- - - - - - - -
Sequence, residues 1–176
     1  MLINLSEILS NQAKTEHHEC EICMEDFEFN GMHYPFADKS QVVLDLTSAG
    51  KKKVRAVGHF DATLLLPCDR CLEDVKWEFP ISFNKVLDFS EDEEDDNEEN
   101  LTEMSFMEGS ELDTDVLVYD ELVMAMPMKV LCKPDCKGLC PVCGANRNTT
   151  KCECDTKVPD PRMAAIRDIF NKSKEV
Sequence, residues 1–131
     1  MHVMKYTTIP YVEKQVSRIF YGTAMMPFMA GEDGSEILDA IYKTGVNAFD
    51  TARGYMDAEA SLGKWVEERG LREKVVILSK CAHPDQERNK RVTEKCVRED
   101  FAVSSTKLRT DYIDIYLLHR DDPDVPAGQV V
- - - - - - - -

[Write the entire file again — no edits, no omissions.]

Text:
Sequence, residues 1–176
     1  MLINLSEILS NQAKTEHHEC EICMEDFEFN GMHYPFADKS QVVLDLTSAG
    51  KKKVRAVGHF DATLLLPCDR CLEDVKWEFP ISFNKVLDFS EDEEDDNEEN
   101  LTEMSFMEGS ELDTDVLVYD ELVMAMPMKV LCKPDCKGLC PVCGANRNTT
   151  KCECDTKVPD PRMAAIRDIF NKSKEV
Sequence, residues 1–131
     1  MHVMKYTTIP YVEKQVSRIF YGTAMMPFMA GEDGSEILDA IYKTGVNAFD
    51  TARGYMDAEA SLGKWVEERG LREKVVILSK CAHPDQERNK RVTEKCVRED
   101  FAVSSTKLRT DYIDIYLLHR DDPDVPAGQV V